The results suggest strangely mixed conclusions. In certain ways, poverty trends in Nigeria over the past decade were better than has been widely reported, where a story of increasing poverty has been the consensus. And yet poverty is stubbornly high, disappointingly so given growth rates.
Three facts stand out.
The greatest development challenge facing Sub-Saharan Africa today is lifting 400 million of its people out of extreme poverty. The continent has abundant land and mineral resources to meet the challenge, but only if land governance can be improved. A new study, Securing Africa’s Land for Shared Prosperity, offers a ten-point program to improve land governance by accelerating policy reforms and boosting investments at a cost of US $4.5 billion over 10 years.
There is much to be discouraged by in Transparency International’s recently-released 2013 Global Corruption Barometer, the biennial global survey that gauges popular perceptions about the extent of corruption in public life. More than half of 114,000 people in 107 countries polled for the 2013 survey believe that corruption has increased over the last couple of years. And 27 per cent of the respondents reported having paid a bribe when accessing public services and institutions, an increase from the 10 per cent that reported similar incidents in the 2009, 2007, and 2005 surveys.
The intransigence of the challenge might not be news to international agencies, but it is certainly a cause for introspection. For a few decades now, aid agencies (including the Bank following the 1997 Cancer of Corruption speech by then President Wolfensohn), have aimed to help stem corruption through regulatory tools such as codes of conduct, access to information laws, standards for procurement and public financial management, conflict of interest and asset disclosure regulations, and by establishing oversight institutions such as anti-corruption agencies, audit institutions, and parliamentary oversight committees. More recently, in response to a recognition that such technical fixes are only half a solution, the “demand side” of governance has received much attention, and there are several examples of successful programs, as chronicled, for instance, by retired Bank staffer, Pierre Landell-Mills, in a recent compendium.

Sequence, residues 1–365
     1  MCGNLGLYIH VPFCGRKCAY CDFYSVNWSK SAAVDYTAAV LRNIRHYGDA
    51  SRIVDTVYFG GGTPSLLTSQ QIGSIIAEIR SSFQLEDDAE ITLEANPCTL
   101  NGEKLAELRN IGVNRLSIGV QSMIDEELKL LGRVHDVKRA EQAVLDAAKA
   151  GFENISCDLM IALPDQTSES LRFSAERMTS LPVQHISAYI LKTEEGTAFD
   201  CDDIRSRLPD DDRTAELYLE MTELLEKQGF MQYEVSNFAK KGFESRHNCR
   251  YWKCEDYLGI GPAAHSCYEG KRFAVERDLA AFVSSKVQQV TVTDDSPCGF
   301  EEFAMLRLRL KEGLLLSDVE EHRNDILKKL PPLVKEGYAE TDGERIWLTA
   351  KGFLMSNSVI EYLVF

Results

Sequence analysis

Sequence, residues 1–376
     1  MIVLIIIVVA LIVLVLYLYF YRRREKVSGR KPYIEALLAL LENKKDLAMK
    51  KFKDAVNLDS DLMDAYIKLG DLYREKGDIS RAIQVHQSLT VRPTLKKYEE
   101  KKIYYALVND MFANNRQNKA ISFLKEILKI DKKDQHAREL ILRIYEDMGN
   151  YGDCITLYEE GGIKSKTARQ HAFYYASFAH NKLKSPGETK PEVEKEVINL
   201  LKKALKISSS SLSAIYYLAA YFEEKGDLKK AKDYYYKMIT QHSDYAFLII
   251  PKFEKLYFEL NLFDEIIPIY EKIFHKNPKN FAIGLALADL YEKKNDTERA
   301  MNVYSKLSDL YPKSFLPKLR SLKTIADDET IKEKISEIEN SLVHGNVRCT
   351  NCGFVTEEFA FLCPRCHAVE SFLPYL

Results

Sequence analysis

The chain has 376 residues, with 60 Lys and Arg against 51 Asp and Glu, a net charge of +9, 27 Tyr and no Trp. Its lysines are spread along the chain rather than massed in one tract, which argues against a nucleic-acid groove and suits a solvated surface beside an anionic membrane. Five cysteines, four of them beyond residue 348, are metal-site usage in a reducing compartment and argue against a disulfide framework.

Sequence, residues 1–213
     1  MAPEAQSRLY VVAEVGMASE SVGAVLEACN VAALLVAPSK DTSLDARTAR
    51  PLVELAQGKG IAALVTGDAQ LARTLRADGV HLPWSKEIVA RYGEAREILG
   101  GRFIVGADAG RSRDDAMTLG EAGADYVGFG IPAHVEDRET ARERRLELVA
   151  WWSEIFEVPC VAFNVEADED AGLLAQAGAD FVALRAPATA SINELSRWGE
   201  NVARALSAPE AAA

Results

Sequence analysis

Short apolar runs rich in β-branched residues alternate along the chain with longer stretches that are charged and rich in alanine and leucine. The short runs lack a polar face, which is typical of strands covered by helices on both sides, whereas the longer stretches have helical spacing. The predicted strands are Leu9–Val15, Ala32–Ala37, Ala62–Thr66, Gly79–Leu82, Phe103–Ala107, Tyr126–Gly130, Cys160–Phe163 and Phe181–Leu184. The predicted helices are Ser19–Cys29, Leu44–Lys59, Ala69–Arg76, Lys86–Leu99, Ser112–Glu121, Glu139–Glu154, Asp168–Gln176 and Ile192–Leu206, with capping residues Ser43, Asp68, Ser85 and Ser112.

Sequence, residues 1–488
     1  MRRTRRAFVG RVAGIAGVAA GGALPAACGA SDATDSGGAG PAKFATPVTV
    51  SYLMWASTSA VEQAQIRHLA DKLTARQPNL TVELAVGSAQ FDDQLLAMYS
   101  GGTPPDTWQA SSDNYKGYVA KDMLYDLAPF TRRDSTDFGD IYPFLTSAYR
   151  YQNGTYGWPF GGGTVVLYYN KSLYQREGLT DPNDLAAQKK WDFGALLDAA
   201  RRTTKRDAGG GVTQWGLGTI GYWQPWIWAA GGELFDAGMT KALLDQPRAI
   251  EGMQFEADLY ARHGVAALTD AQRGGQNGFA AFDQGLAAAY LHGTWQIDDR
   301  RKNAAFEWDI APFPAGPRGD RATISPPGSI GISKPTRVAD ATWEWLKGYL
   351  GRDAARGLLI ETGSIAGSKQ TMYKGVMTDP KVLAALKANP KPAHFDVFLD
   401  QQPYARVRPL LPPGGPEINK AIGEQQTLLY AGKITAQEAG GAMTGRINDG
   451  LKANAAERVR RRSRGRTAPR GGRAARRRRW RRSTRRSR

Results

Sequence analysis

Meet Jean Bosco Hakizimana, a farmer in Burundi who survived a decade-long civil war.
These are some of the views and reports relevant to our readers that caught our attention this week.
Water for People
The Social Disruptors
“The Social Disruptor podcast series, hosted by CEO Ned Breslin, will highlight innovators across industries from music to fashion to sports – people in the business of pushing limits, finding unseen opportunities and moving on them. Hosted monthly, the series will focus on positive change in the world and how these change makers overcome obstacles and shake things up to achieve sustainable impact. Breslin will interview CEOs, artists, international voices, and leaders from a variety of sectors to understand what it takes to accomplish lasting social change. Change: you can embrace it, cause it, influence it or resist it.” READ MORE
New York Times columnist Nick Kristof, in a recent piece titled “A Free Miracle Food!”, wrote: “…if we want to save hundreds of thousands of lives, maybe a step forward is to offer more support to moms in poor counties trying to nurse their babies. Nursing a baby might seem instinctive, but plenty goes wrong. In some parts of the world, a problem has been predatory marketing by formula manufacturers, but, in the poorest countries, the main concern is that moms delay breast-feeding for a day or two after birth and then give babies water or food in the first six months.
Since 2009, the World Bank has been conducting financial crisis simulation exercises and learning valuable lessons on where institutional vulnerabilities lie. These exercises are intended to test, or simply to practice, the use of existing or proposed legal instruments, interagency and/or cross-border agreements, and other crisis management arrangements. More than 20 exercises in all world regions have been executed so far, focusing either on the interaction among top national authorities (typically between the Ministry of Finance, the Central Bank, the Bank and non-bank Supervisors, and the Deposit Insurance Agency), or on the interaction among bank supervisors of different national jurisdictions dealing with cross-border issues.